That reinforces a whole mentality where people reading about a show only expect to hear about one artist. I think that’s a real problem. In the business and science worlds, collaborators are usually mentioned very clearly. Of course, there are many cases where that doesn’t happen, but compared to the art world, they do a pretty good job of giving people credit. It’s unlikely that any big project is going to be realized by one person. Scientific papers often have three or more authors, and that’s just standard practice. But, for some reason, the art world has a hard time thinking in that way.

Lily: I have one more question, which is that I’m fascinated by this idea of the art world kind of reverse colonizing finance, and I was wondering if you could talk about it a little bit more?

Sean: I think that there’s definitely a realization, not just in the art world, but in the cultural sphere more generally, that the finance system is not working for the people that produce content, or works of art. People are trying to change this model and there’s a lot of interesting stuff happening in that space. For the Seven on Seven project with Francis and Tarek Issaoui, who’s been collaborating on my research up to this point, I’m interested in making an artwork, but I also want it to be something that functions in the world, for the artwork to actually change the commodity market for phosphorus in some way. Like I said, art has a pretty limited reach. There’s a lot of great ideas about how to do things differently. But in the end, the physical embodiment of an idea in the form of the work is only seen by a few people. Maybe someone buys it, and then maybe it gets taken out of storage every 10 years for a show, but that just seems like kind of a sad life for artworks.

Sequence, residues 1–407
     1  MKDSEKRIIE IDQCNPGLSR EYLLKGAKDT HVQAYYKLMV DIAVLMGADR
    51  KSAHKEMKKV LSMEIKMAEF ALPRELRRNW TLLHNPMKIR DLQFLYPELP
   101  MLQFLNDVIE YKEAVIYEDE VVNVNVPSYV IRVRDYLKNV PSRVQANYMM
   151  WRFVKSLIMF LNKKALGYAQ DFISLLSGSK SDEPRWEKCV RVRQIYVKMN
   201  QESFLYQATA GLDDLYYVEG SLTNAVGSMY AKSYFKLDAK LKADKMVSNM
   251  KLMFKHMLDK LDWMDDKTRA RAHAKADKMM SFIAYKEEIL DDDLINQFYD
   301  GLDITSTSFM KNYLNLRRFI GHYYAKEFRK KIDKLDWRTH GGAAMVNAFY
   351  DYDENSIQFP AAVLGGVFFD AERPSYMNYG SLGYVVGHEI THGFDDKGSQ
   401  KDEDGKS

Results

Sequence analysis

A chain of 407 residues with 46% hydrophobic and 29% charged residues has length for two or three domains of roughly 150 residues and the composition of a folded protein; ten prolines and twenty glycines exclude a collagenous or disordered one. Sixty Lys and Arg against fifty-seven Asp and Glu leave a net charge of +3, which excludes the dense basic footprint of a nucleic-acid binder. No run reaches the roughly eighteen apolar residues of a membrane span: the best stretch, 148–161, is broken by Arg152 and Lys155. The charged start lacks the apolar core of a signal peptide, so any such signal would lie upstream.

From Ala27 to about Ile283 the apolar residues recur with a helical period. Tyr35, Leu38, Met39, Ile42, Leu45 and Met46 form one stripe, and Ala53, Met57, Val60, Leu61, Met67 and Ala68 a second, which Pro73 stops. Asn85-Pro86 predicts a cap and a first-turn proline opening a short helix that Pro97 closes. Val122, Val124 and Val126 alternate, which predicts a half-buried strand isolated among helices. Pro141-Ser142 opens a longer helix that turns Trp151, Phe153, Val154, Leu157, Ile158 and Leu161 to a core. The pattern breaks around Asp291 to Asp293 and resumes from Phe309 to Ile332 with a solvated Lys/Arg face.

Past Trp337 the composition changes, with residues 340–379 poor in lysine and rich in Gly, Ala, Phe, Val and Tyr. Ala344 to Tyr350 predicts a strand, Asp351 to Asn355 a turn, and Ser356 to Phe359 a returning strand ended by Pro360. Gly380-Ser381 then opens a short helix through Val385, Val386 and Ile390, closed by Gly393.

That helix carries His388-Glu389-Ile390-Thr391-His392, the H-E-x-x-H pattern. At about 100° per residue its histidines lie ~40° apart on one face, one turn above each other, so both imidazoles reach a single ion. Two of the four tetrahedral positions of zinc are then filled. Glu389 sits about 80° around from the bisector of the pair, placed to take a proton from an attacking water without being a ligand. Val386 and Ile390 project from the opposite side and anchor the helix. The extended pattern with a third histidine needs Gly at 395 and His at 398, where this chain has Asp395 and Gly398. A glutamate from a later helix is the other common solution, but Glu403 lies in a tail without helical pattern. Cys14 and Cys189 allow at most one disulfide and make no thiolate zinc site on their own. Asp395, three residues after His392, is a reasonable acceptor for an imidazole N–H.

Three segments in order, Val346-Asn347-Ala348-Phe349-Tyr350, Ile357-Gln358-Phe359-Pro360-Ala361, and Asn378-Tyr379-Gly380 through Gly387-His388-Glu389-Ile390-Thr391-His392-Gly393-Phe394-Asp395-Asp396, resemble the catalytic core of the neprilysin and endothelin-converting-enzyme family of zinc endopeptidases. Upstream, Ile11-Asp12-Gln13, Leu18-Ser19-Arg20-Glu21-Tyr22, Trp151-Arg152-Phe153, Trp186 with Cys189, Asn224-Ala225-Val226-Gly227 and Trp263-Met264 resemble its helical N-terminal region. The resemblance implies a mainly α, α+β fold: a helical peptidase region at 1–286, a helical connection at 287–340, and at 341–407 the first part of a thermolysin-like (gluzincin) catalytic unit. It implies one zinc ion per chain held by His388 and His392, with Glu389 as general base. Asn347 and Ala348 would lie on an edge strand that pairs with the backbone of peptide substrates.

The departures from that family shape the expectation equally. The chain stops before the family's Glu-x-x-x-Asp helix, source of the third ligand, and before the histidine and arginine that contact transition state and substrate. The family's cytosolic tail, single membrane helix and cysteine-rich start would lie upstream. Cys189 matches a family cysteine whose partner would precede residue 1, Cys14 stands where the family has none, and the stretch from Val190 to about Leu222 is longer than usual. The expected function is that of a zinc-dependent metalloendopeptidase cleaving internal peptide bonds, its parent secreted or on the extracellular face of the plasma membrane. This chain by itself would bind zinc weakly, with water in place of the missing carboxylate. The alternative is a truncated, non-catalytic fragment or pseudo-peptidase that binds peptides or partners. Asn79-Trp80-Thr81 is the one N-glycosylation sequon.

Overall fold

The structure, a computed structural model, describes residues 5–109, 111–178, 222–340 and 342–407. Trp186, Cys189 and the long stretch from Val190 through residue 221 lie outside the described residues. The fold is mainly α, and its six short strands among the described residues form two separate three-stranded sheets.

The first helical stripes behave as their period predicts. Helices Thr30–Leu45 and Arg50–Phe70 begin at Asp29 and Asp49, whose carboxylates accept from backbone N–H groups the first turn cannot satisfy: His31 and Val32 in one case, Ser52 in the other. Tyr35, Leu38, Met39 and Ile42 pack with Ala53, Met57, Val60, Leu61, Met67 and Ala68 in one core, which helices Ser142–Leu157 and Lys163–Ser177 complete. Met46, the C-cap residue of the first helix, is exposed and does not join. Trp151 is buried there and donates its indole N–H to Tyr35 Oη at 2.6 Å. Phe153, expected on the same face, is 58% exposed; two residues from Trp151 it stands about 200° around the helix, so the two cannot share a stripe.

I’m trying to think of this work as an ongoing entity that has some sort of footprint in the real world or the financial system. Ideally, if phosphorus became more expensive because people became aware that it’s a limited resource, the industry would start to conserve it by using it more efficiently.

I think that would be more aesthetically pleasing as well. It would be great if art, in this sense of redesigning things, could extend into spaces where aesthetics are not usually a consideration. The food system is a perfect example, if you look at the way things are done from an aesthetic perspective, it’s terrible. To try to build something that is not only more rational but also more elegant is, I think, worthwhile. Of course, I don’t know if we’ll be successful, but that’s what we’re aiming for.

Sean Raspet recommends synthetic fragrance molecules:

Commercial name CAS number Molecular formula
Hydroxycitronellal 107-75-5 C10H20O2
Safraleine 54440-17-4 C12H14O
Elintaal 40910-49-4 C14H26O2
Okoumal 131812-67-4 C19H28O2
Nerone 31375-17-4 C13H22O
Z11 MIP 57345-19-4 C18H30O2
Aldron 68901-22-4 C17H28O
Azarbre 68845-36-3 C12H20O
Corps Racine 2110-18-1 C14H15N
Isolongifolanone 23787-90-8 C15H24O
Norlimbanol 70788-30-6 C15H30O